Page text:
Segment EBITDA is defined as income (loss) from continuing operations before interest expense, income taxes, depreciation and amortization, non-controlling interests in consolidated joint ventures, loss on sale of receivables, restructuring costs and asset impairment charges. The company uses Segment EBITDA as the primary basis for the Chief Operating Decision Maker (CODM) to evaluate the performance of each of its reportable segments.
The accounting policies of the segments are the same as those applied in the Consolidated Financial Statements, except for the use of Segment EBITDA. The company may allocate certain common costs, primarily corporate functions, between the segments differently than the company would for stand alone financial information prepared in accordance with GAAP. These allocated costs include expenses for shared services such as information technology, finance, communications, legal and human resources. The company does not allocate interest expense and certain legacy and other corporate costs not directly associated with the Segments EBITDA. Segment information is summarized as follows (in millions):
23. Subsequent Events
On January 2, 2012, the company completed the sale of its Commercial Truck manufacturing facility located in St. Priest, France to Renault Trucks SAS, an affiliate of AB Volvo. In connection with the anticipated sale of the St. Priest manufacturing facility, the company recognized a long-lived asset impairment charge of $17 million during the quarter ended December 31, 2011 for the Disposal Group held for sale. The impairment and other restructuring charges are included in restructuring costs in the consolidated statement of operations (see Note 6).
24. Supplemental Guarantor Condensed Consolidating Financial Statements
Certain of the companys wholly-owned subsidiaries, as defined in the credit agreement (the Guarantors) irrevocably and unconditionally provide joint and several guarantee for the amounts outstanding under the senior secured revolving credit facility. Similar subsidiary guarantees were provided for the benefit of the holders of the publicly-held notes outstanding under the companys indentures (see Note 17).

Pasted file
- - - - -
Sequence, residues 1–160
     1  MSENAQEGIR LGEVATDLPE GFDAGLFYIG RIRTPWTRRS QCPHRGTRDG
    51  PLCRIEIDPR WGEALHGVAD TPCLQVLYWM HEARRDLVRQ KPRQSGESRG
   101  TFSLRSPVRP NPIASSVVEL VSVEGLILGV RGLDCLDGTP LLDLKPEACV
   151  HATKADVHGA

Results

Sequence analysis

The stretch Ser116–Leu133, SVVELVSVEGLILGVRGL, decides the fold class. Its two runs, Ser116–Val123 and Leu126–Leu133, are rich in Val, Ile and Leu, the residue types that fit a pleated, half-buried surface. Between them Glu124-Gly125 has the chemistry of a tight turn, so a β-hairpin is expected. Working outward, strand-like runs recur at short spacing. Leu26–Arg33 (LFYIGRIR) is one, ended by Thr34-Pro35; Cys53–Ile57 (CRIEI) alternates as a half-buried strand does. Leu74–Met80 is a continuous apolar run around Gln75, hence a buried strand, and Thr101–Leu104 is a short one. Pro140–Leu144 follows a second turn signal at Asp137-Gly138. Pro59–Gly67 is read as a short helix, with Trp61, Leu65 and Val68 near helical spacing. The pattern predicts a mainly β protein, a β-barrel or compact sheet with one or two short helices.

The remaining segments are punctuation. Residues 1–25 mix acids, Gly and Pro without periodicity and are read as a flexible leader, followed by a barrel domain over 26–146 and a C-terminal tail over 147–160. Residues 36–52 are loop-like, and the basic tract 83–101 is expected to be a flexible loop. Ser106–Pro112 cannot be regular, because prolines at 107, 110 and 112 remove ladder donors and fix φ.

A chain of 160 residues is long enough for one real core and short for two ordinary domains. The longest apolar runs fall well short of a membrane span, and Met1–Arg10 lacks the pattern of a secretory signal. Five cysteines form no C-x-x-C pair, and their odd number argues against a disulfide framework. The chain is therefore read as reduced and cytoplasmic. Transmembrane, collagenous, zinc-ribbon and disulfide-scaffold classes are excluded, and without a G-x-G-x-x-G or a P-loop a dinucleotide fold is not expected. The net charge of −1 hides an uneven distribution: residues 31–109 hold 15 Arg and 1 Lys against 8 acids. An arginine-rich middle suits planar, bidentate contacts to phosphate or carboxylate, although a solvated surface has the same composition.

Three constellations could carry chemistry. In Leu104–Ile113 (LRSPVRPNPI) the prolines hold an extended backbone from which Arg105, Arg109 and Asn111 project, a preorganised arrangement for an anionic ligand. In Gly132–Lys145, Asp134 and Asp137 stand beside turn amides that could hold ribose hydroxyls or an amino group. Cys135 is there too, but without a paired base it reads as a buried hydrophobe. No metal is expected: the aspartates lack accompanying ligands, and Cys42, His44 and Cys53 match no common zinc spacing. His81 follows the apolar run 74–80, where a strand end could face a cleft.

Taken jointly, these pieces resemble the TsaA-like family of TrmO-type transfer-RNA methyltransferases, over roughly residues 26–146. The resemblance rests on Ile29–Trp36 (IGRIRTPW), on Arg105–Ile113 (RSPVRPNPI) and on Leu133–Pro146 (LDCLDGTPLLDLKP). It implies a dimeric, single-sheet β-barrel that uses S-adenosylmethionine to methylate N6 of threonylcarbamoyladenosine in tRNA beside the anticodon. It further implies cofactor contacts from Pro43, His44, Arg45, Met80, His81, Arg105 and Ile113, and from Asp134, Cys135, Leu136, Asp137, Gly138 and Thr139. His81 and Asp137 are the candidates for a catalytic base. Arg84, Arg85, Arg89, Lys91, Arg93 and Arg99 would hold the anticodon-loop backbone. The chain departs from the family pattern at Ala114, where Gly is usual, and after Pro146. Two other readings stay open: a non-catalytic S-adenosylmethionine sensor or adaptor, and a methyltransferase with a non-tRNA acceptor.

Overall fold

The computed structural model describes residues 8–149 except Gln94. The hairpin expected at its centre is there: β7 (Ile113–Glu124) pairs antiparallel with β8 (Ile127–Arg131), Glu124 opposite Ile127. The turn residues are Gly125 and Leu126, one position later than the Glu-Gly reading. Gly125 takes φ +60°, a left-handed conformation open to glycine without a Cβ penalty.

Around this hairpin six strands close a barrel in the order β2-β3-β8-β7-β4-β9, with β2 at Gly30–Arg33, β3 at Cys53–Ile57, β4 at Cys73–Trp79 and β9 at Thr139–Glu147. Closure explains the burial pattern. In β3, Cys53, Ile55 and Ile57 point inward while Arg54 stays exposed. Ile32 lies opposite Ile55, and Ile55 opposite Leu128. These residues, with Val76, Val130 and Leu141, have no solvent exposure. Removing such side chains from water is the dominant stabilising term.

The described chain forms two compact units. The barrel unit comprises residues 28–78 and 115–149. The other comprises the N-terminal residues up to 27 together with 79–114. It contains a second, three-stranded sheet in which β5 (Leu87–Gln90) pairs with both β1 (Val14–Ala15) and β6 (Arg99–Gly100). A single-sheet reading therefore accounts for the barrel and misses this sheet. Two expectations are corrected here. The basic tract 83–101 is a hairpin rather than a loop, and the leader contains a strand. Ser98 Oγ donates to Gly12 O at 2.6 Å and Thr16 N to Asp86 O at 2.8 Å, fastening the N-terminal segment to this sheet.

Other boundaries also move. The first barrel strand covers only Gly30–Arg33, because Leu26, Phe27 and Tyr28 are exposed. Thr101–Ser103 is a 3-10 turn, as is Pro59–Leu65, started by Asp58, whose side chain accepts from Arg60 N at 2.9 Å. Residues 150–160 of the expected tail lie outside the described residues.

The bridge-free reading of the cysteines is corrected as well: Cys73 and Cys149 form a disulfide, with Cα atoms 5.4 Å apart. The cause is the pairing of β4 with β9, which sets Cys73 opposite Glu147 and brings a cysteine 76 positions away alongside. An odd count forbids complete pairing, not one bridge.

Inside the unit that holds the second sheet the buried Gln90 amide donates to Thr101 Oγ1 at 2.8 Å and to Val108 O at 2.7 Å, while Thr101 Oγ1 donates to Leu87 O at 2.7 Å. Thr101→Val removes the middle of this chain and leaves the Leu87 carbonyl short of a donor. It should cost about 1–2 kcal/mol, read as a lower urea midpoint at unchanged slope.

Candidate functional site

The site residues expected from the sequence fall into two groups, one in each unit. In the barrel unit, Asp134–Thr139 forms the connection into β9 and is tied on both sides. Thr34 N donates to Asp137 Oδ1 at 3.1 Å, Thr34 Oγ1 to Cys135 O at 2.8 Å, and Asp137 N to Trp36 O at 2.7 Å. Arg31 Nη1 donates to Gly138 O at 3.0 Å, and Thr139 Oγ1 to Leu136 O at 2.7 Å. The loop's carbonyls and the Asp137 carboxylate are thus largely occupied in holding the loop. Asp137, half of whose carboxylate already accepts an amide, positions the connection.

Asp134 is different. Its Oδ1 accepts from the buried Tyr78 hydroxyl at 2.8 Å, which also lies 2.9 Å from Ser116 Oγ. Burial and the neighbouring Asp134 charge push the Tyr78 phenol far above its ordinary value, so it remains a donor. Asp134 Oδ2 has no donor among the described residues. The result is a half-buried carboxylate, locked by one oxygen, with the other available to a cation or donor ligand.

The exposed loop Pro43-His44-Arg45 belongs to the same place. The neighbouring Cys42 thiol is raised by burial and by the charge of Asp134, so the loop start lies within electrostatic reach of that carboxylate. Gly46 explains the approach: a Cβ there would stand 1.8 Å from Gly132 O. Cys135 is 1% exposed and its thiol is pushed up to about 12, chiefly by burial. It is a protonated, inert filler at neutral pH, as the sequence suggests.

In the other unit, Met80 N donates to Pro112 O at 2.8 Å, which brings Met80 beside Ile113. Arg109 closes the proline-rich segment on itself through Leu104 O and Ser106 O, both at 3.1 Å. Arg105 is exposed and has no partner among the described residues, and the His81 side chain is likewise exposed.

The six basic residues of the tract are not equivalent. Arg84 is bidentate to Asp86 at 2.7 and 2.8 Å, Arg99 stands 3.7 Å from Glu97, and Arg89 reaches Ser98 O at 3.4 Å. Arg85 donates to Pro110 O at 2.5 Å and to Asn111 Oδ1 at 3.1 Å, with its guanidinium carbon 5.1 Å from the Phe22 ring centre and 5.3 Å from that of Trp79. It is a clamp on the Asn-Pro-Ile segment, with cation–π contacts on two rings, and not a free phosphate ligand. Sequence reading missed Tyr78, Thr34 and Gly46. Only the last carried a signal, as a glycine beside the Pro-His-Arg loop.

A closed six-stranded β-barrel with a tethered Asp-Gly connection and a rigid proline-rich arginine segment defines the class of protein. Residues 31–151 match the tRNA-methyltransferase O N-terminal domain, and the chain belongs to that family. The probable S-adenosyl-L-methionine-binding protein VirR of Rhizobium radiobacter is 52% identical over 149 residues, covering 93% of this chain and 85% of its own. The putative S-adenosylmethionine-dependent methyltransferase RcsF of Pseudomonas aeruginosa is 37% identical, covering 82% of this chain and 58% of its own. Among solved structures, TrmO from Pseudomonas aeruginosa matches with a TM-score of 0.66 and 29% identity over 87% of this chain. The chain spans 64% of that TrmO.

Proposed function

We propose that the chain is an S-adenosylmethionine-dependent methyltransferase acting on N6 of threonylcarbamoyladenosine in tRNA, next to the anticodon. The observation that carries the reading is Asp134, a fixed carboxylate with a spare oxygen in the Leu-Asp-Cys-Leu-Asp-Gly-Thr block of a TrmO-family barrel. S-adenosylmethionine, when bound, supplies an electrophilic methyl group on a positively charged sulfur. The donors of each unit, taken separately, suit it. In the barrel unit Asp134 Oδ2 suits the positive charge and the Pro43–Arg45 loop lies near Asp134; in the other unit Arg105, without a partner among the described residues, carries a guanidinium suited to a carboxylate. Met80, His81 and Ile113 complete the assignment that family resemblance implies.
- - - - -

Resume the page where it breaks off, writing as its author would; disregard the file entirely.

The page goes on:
In lieu of providing separate financial statements for the Guarantors, the company has included the accompanying condensed consolidating financial statements. These condensed consolidating financial statements are presented on the equity method. Under this method, the investments in subsidiaries are recorded at cost and adjusted for the parents share of the subsidiarys cumulative results of operations, capital contributions and distributions and other equity changes. The Guarantor subsidiaries are combined in the condensed consolidating financial statements.
Amounts have been recast for discontinued operations.
Amounts have been recast for discontinued operations.
Item 2. Managements Discussion and Analysis of Financial Conditions and Results of Operations
Meritor, Inc., formerly named ArvinMeritor, Inc., (the "company" or "Meritor"), headquartered in Troy, Michigan, is a premier global supplier of a broad range of integrated systems, modules and components to original equipment manufacturers (OEMs) and the aftermarket for the commercial vehicle, transportation and industrial sectors. The company serves commercial truck, trailer, off-highway, military, bus and coach and other industrial OEMs and certain aftermarkets. Meritor common stock is traded on the New York Stock Exchange under the ticker symbol MTOR.
Our results from continuing operations for the quarter ended December 31, 2011 were lower compared to the same quarter in the prior year. Loss from continuing operations in the first quarter of fiscal year 2012 was $13 million, or $0.13 per diluted share, compared to a loss of $6 million, or $0.07 per diluted share, in the prior year. Net loss for the first quarter of fiscal year 2012 was $22 million compared to a loss of $2 million in the prior year. On January 2, 2012, we completed the sale of our Commercial Truck manufacturing facility located in St. Priest, France to Renault Trucks SAS, an affiliate of AB Volvo. In connection with the anticipated sale of this manufacturing facility, we recognized non-cash charges of $19 million during the quarter ended December 31, 2011, including an asset impairment charge of $17 million for the disposal group, which is held for sale. In addition, other restructuring charges of approximately $4 million associated with employee headcount reduction and plant rationalization costs were recorded during the first quarter.